The Court held that the first factor weighed in favor of finding a private right of action given the anti-discrimination provision in the law.  Regarding the second and third factors, though, the Court held that they weighed against finding a private right of action.  Guiding the Court’s conclusion in this regard were several factors.  The Court acknowledged appellate precedent establishing that the judiciary should be reluctant to infer a private right of action absent a clear right of action or the availability of private remedies in the statute.  Here, neither a private right of action nor private remedies are clear in the CREAMMA. 

The Court also reasoned that inferring a private right of action is especially ill-advised when the statute in question grants “pervasive” regulatory authority to a government agency.  And, in this case, the Court held that “as presently written, there is evidence that the Legislature intended for the [New Jersey Cannabis Regulatory Commission] to handle all aspects of the enforcement of” the CREAMMA. 

Next, the Court found compelling that the Legislature crafted other employment statutes containing express private causes of action.  This fact, the Court reasoned, is evidence that when the Legislature intends to create a private action in the employment context, it does so with clear language.  By implication, the absence of any such clear language in the CREAMMA reflects the Legislature’s intent not to create a private right of action.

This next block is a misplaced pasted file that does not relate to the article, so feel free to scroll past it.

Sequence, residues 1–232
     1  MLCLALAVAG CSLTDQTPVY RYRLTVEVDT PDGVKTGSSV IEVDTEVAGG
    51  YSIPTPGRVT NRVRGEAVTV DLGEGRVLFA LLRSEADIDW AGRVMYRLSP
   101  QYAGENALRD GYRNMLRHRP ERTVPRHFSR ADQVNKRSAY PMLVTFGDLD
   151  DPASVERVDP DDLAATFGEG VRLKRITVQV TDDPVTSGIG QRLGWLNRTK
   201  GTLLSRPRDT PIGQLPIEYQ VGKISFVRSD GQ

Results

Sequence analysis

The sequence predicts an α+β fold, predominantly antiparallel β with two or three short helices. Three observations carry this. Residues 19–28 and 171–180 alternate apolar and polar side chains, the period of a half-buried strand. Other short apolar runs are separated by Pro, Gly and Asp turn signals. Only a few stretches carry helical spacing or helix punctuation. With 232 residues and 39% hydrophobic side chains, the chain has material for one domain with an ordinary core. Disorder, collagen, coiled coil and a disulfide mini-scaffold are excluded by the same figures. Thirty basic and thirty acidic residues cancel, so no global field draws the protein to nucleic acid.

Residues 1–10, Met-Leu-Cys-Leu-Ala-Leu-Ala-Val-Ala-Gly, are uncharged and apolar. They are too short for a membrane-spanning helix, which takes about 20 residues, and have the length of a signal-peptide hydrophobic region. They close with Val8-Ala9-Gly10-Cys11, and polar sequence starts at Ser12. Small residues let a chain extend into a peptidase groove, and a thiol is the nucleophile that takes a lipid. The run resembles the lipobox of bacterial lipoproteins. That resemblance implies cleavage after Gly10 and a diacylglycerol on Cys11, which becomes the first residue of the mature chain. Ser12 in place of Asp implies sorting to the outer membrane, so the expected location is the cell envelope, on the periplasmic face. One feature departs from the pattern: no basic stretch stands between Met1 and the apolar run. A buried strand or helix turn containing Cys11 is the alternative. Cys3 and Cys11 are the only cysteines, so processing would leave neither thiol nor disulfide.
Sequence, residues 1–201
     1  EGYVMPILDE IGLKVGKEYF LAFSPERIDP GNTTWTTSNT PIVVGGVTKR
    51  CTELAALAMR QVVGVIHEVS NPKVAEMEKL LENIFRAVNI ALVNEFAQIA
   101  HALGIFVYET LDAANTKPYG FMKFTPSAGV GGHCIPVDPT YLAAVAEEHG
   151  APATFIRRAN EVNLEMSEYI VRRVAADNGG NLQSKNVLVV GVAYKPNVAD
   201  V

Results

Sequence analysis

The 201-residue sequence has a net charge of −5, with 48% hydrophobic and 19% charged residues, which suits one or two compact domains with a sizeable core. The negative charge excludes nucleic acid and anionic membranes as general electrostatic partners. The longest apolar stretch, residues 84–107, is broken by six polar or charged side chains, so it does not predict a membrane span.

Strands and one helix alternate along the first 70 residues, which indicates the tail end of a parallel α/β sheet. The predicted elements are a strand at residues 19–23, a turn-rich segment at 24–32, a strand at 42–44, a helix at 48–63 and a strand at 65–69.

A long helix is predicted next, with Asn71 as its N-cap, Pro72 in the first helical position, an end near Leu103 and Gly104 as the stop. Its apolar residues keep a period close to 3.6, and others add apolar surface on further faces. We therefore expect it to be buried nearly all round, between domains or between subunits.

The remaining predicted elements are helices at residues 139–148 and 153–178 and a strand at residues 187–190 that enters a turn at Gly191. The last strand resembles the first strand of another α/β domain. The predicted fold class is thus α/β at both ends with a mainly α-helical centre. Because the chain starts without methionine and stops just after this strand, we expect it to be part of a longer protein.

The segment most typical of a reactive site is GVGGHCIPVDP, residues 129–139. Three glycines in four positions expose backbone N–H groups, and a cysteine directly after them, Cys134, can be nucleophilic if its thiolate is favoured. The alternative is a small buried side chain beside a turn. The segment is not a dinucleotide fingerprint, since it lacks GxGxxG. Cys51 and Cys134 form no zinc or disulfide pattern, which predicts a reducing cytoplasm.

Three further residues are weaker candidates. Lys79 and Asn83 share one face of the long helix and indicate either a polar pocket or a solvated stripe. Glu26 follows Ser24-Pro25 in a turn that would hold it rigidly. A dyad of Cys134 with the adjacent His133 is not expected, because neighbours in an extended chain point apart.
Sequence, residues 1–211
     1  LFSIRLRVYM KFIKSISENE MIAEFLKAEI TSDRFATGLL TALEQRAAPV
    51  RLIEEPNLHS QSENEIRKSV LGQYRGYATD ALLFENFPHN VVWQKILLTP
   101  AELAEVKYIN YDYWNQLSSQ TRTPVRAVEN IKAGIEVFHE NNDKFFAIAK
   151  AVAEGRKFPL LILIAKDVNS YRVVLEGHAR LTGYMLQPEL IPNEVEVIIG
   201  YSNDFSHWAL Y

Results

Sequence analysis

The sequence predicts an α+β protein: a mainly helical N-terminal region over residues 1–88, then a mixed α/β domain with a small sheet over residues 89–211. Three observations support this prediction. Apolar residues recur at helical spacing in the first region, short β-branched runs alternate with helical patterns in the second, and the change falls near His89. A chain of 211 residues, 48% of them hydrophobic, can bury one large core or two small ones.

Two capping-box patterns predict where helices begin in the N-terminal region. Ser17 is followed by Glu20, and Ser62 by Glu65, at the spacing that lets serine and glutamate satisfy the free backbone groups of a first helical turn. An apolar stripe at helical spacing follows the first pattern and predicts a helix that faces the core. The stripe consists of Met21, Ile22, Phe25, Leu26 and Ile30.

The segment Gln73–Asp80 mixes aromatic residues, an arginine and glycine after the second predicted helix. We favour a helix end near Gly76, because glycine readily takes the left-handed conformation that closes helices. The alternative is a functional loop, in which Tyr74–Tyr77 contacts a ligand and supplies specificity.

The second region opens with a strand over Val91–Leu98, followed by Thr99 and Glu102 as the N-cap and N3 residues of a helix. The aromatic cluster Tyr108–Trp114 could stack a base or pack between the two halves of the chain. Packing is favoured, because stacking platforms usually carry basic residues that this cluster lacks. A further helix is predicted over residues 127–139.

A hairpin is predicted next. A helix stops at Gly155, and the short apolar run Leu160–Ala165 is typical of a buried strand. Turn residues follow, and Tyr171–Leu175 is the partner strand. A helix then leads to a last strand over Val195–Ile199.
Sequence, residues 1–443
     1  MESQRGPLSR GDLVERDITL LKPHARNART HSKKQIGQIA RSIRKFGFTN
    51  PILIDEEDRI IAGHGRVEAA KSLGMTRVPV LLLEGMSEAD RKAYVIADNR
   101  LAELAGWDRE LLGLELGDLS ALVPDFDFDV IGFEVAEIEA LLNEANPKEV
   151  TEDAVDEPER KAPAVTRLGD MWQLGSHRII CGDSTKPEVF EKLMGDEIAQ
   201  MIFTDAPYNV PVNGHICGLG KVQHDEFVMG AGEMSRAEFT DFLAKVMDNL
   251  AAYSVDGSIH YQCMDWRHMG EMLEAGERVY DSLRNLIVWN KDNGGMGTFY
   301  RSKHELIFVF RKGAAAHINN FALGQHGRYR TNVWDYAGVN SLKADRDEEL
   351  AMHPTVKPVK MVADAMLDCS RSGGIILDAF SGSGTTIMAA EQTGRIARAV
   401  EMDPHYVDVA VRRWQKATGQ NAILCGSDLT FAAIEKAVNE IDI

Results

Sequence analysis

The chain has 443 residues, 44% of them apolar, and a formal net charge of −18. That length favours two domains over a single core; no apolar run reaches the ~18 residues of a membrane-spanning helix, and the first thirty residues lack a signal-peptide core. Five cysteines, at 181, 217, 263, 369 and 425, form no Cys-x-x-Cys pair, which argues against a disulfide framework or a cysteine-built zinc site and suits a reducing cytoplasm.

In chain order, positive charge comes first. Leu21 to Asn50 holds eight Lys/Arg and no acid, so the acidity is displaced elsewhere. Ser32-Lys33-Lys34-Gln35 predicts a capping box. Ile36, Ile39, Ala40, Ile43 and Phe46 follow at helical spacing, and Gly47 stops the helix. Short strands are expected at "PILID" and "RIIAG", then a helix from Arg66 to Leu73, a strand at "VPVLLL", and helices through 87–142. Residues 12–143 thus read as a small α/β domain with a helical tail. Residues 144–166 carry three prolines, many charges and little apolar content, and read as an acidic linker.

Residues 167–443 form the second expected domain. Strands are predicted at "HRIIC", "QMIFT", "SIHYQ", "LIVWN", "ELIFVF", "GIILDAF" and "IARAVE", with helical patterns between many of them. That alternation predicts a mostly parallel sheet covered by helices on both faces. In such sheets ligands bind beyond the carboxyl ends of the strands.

Finally, the Court found unpersuasive the applicant’s reliance on decisions from courts in other states which have found implied private causes of action under different marijuana-related legislation.  The Court reasoned that the statutes at issue in those decisions were distinct because they—unlike the CREAMMA—did not create or task a government agency with enforcement of the statute.

Regarding the applicant’s purported common law claim for failure to hire in violation of public policy, the employer argued that no such claim exists under New Jersey law.  The Court agreed.  In fact, the Court pointed out that it and New Jersey appeals courts “have time and time again found that there is no cause of action under common law for failure to hire.”  The applicant argued that his common law claim included a wrongful termination component.  While the Court acknowledged that a common law claim for wrongful termination exists under New Jersey law, it rejected the claim because the applicant was claiming failure to hire—not wrongful termination.


While this decision represents a victory for employers in New Jersey, some courts in other jurisdictions have found an implied private right of action under the marijuana laws in their states. In states where it is unclear whether a marijuana law has a private right of action, employers should work with counsel before making hiring or other employment decisions based on marijuana use or a positive marijuana drug test. In addition, employers with a large geographic footprint must be mindful of variations in marijuana-related legislation and court decisions from state-to-state. There have been many legislative and regulatory developments in this area, and more are anticipated.  Now, more than ever, employer vigilance is important.